I do not agree with giving priority to parents who are rich. That clearly violates the principle of equality.

    I however wish to highlight that the healthcare spent on poor parents coming to Canada will be higher than richer parents.
     

  6. If you a have a seriously ill family member at home you probably qualify for less then a day of nursing care a week. The majority is left up to the family.
     
    CarrieK likes this.
  7. Some of the fund me/fundraisers are for patients who want to seek treatment that is not available in Canada. That's a different ball game altogether.

    The fact is there are supplementary programs that help needy patients. They are already stretched at the moment. Adding more poor people to the country is only going to add to that stress for the programs.

    Of course eventually someone has to draw a line and say sorry we just cannot fund that.
     
  8. Are you serious? Google LICO and who determines/study LICO.
     

  9. Actually wealthy population often have more health problems. Have you seen the obesity rate in wealthier countries? Rich people don't get cancer?
     
  10. Yes. Many of these are not covered. But there are ways around it too. Donations from other patients who have since passed on etc.

    Of course if you were the family donating it, you would want to make sure it goes only to the ones who truly need it and cannot afford it.

    We try our best to help.
     
  11. Yes. And that amount of nursing care which the family can afford also impacts on repeat visits to the ED.

    So if the family cannot afford the needed extra care they will go to the ED. That increases healthcare costs and wait times.
     
  12. You basically just proved my point that things aren't covered. You have to get lucky that someone will give you their old stuff that will meet your measurements and specifications.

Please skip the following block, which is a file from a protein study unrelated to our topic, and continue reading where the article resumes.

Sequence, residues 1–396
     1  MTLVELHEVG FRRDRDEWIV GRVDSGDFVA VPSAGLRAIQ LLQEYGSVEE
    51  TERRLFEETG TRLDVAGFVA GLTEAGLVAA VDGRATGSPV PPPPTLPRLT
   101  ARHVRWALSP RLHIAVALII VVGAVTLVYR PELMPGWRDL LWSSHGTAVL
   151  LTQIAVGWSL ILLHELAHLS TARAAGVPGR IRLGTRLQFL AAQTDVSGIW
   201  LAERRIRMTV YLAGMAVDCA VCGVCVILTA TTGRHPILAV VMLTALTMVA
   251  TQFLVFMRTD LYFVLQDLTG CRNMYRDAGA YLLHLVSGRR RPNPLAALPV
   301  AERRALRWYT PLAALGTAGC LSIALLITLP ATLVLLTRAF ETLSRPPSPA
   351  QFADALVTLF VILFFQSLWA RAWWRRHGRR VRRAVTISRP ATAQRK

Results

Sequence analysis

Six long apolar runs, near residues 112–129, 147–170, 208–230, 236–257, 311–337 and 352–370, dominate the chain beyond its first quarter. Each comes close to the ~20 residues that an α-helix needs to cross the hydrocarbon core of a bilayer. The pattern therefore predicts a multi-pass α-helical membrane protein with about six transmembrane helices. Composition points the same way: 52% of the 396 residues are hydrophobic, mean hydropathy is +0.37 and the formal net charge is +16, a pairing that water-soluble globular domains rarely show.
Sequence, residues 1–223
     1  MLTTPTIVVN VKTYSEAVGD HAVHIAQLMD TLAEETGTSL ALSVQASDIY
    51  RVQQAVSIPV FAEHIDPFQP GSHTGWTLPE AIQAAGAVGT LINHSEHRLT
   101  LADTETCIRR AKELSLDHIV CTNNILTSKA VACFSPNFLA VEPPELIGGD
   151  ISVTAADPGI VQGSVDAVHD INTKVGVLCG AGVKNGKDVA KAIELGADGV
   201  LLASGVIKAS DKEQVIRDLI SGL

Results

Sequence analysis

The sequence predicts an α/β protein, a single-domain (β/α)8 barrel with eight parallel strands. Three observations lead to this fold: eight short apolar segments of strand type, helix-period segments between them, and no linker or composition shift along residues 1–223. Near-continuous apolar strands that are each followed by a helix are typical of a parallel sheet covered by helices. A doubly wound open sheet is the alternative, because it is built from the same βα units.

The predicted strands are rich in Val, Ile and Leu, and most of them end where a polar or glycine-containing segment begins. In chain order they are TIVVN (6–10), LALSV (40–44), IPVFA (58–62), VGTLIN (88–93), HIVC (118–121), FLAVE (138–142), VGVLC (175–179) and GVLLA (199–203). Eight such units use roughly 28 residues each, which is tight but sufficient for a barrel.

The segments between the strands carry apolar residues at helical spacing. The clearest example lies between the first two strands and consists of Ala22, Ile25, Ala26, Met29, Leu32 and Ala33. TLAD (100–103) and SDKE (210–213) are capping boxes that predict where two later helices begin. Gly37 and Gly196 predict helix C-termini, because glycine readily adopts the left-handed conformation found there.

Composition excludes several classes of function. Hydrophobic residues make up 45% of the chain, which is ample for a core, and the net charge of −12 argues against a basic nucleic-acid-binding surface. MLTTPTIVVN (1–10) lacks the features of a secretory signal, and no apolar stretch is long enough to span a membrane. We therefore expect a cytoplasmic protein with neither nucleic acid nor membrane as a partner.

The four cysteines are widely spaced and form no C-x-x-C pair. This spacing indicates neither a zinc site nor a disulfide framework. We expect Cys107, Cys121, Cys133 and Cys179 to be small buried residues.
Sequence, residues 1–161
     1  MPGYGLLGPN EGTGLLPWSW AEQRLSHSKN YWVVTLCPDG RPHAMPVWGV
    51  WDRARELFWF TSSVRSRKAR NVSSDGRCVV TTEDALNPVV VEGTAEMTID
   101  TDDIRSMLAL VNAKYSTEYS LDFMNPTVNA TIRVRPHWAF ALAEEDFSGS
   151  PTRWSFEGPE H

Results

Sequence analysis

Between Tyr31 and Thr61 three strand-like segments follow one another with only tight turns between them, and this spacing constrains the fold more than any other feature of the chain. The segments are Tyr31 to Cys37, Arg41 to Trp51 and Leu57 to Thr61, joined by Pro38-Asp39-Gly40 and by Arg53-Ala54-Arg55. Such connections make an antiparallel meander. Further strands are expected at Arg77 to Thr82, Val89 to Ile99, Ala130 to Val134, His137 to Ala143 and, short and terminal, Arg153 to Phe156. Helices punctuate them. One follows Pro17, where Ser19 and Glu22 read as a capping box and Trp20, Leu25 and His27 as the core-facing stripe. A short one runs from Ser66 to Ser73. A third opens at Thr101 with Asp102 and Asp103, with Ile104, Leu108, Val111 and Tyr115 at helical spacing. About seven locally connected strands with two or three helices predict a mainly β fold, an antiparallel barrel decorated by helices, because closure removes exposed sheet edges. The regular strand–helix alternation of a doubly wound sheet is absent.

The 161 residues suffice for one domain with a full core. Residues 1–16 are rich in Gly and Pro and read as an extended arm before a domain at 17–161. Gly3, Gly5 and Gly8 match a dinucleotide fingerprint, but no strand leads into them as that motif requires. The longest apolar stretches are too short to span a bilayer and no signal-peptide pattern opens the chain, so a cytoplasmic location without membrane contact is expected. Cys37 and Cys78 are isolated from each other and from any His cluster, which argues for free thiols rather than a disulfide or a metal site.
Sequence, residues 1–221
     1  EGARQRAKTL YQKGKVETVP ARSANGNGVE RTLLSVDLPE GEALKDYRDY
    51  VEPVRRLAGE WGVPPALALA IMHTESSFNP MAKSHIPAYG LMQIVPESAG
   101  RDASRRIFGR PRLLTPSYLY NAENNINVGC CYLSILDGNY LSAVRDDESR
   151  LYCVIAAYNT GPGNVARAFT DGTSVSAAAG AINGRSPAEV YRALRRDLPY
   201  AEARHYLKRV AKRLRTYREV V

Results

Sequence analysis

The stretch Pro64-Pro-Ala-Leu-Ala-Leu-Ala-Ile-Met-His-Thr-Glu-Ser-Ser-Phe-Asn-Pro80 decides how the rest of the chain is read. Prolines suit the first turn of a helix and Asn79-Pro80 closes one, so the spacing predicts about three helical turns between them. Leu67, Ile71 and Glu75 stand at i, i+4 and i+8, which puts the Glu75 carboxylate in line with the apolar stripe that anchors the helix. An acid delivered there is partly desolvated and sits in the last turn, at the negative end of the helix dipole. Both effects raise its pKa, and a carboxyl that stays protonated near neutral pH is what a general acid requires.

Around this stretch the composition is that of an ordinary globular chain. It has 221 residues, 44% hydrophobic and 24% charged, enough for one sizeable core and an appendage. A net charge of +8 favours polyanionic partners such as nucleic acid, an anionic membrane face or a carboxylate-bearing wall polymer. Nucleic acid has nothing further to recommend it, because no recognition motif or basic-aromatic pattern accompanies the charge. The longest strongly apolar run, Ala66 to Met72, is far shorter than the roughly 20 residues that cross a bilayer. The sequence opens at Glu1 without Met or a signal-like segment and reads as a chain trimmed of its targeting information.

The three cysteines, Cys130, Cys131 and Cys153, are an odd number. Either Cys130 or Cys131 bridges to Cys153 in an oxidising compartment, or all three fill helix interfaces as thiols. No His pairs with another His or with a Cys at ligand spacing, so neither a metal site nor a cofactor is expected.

13. Many feel the exact opposite, that foreigners buying homes is hurting the economy by making it harder for Canadians to buy homes

    Also there is no guarantee any parent will buy a home, or how much they will contribute to Canada's economy, no matter how much money they have in their home country.



    You are just guessing on everything here. Try putting a dollar value or some real numbers on healthcare costs in Canada vs wealth to see what an actual cost impact is. and then you can use it as an argument. Especially since all parents will already have gone through an excessive demand test which will weed out those with serious health issues.
     
    CarrieK and canuck78 like this.
  14. Not true at all. Actually many of the family without resources do more of the care and barely ask for help. Many of the wealthier patients are much more entitled and place a bigger burden on the system. Has nothing to do with ED admissions. You clearly haven't worked in the health sector as well.
     
    CarrieK likes this.
  15. Take Vancouver for example, the housing is a nightmare there. Recently they brought up laws to reduce the impact of foreigners (mostly Asian) buying homes to just rent them. But there are no real significant changes in the short term. It will keep being a nightmare.